Durban feline lovers win court bid to feed cats during lockdown

A women feeds cats in Naples as Italy remains under a nationwide lockdown in a government decree that ordered Italians to stay at home amid the coronavirus outbreak. A feral cat association won a court bid to be declared an essential service to allow them to feed the animals in Durban.
A women feeds cats in Naples as Italy remains under a nationwide lockdown in a government decree that ordered Italians to stay at home amid the coronavirus outbreak. A feral cat association won a court bid to be declared an essential service to allow them to feed the animals in Durban.
Image: REUTERS/Ciro De Luca

Cats of Durban, a non-profit organisation involved in the feeding of feral cats, secured a last-minute Durban high court order on Thursday, allowing feeding to continue during the lockdown.

This was after some of its members went to police stations and were told their “essential service” forms, authorised by the organisation in terms of lockdown regulations, would not be recognised and they would most likely be arrested if they left their homes.

The application, which was argued by advocates Andre Stokes and Damien Bond before acting judge Rob Mossop, was not opposed by the minister of co-operative governance and traditional affairs or the minister of police.

In her affidavit, Cats of Durban secretary Niki Moore said the organisation was established about five years ago and had about 40 subscription-paying members.

Its purpose was to alleviate the plight of thousands of feral cats in the greater Durban area and it supported sterilisation and feeding programmes.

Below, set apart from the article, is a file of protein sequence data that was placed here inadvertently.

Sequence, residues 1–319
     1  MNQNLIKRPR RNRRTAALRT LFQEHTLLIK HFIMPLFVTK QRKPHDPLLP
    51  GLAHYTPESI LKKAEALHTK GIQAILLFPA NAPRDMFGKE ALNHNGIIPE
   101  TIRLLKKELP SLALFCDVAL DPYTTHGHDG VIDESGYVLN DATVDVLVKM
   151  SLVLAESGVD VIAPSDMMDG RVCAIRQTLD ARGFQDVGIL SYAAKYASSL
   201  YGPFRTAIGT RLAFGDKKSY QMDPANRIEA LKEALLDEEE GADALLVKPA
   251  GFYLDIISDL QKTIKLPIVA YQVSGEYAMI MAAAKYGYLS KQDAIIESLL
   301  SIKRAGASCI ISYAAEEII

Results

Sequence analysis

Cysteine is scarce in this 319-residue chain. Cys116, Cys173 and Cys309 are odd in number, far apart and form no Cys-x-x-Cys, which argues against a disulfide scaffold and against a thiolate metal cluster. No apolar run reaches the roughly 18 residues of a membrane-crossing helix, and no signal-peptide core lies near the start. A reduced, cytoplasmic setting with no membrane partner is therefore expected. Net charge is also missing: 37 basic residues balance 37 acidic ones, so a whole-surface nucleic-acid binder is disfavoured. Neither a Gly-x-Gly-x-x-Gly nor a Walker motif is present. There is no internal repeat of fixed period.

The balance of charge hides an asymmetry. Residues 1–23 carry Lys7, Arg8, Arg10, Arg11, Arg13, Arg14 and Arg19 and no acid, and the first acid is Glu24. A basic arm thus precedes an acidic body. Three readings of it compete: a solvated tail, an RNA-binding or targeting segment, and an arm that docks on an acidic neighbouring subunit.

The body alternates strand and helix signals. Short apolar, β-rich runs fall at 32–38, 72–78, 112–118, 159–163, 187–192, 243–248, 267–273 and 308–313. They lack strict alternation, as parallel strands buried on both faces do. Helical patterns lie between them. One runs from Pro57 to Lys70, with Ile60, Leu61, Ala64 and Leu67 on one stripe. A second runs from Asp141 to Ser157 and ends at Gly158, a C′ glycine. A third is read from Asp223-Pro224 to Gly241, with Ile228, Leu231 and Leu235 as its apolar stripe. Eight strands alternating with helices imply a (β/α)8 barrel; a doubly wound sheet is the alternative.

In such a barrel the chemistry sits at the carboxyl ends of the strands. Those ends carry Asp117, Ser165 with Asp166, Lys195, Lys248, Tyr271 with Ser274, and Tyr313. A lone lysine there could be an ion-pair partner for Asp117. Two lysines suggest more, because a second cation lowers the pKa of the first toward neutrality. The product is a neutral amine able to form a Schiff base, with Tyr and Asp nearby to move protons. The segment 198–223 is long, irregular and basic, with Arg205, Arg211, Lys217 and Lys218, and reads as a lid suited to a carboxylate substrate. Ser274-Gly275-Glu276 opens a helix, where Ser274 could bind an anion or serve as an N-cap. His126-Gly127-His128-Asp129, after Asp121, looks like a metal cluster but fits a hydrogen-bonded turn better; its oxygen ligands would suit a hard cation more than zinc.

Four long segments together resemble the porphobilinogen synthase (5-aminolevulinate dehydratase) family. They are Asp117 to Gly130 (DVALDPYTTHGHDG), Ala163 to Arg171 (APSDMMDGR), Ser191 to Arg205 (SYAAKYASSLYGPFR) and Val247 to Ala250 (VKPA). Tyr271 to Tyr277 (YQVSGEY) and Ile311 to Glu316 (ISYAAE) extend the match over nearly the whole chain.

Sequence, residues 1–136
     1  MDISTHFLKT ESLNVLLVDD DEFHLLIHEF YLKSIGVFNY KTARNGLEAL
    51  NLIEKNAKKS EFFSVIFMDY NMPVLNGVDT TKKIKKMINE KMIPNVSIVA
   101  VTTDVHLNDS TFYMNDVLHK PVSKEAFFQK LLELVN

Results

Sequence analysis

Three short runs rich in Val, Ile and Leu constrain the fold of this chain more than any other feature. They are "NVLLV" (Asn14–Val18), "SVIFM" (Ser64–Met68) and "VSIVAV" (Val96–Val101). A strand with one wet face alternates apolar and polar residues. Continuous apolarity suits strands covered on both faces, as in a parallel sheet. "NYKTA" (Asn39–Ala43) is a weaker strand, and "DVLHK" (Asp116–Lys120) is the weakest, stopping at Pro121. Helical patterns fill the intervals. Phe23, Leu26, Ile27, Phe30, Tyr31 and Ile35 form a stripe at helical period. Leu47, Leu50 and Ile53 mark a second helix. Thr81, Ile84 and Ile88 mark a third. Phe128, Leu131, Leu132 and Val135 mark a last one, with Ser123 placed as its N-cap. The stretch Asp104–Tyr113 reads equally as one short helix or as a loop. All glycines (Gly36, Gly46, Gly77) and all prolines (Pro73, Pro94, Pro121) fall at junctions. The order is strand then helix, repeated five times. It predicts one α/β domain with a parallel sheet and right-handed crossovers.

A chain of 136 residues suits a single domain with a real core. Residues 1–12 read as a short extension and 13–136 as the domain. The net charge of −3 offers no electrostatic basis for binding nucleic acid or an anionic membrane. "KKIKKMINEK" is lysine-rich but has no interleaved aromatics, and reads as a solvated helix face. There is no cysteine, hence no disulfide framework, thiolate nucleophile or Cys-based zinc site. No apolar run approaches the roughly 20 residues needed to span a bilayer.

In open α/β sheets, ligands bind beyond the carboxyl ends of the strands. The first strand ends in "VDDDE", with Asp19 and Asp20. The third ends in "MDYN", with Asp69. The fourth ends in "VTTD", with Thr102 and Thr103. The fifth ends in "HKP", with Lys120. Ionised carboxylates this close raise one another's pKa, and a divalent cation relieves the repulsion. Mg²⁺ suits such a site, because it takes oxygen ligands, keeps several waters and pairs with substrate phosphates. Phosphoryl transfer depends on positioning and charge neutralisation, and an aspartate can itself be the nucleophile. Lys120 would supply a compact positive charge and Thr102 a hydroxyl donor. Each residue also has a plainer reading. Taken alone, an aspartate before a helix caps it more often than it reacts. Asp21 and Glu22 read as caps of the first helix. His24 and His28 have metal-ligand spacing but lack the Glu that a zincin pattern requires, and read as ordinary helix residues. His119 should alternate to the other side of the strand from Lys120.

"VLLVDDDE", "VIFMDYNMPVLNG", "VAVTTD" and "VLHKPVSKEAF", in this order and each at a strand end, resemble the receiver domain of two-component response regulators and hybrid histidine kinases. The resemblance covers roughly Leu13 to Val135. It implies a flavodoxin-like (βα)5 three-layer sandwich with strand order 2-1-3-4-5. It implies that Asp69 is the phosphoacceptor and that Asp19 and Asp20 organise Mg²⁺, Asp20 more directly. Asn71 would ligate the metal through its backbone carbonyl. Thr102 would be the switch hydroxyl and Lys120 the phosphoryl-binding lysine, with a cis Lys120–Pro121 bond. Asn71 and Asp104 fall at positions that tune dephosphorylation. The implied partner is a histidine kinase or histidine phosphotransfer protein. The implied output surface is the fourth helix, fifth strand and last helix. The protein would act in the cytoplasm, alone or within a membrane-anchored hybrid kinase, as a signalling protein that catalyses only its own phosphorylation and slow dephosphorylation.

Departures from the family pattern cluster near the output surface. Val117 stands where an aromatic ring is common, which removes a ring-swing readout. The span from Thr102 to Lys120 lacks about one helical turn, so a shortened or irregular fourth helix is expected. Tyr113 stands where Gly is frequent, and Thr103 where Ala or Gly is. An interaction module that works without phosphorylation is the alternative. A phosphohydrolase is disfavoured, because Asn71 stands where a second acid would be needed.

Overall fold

Essential services, in terms of the disaster management regulations, included “animal welfare” and, as such, “we fall squarely within this definition”, read the affidavit.

“Our members, on a voluntary basis, feed feral cats and entire colonies to ensure that they are protected from starvation and malnutrition which is often associated with debilitating disease and animal suffering.

“Cats that are sterilised and returned are also inoculated against rabies, so we provide a valuable contribution to curbing the spread of the disease.”

She said feeding took place regularly at members' own time and expense.

“It is a voluntary service. The SPCA does not perform any of these functions.”

Moore said feral cats were valuable in keeping the rat population down.

The organisation’s own experience was that when the cats were not fed, they scrounged through bins looking for scraps and were driven to places where they were not wanted.

“They are subjected to cruel treatment. Some have been poisoned and beaten.”

She said once feral cats were accustomed to being fed, they sometimes lost their “instincts” to find their own food and without feeding during the lockdown, they could suffer slow starvation.

“We have issued our cat feeders with the necessary letters. They will travel directly to and from the feeding locations alone. Invariably there are no other people present and no contact with anyone else.

“But it has been difficult to establish the attitude of the police. Officers at Durban North, Durban Central and Hillcrest police stations indicated that even with the letters, feeders would be detained.”

Judge Mossop granted the order, declaring that the organisation provided an essential service. He ruled that feeders were entitled to travel outside their homes provided they were in possession of the signed authorisation.


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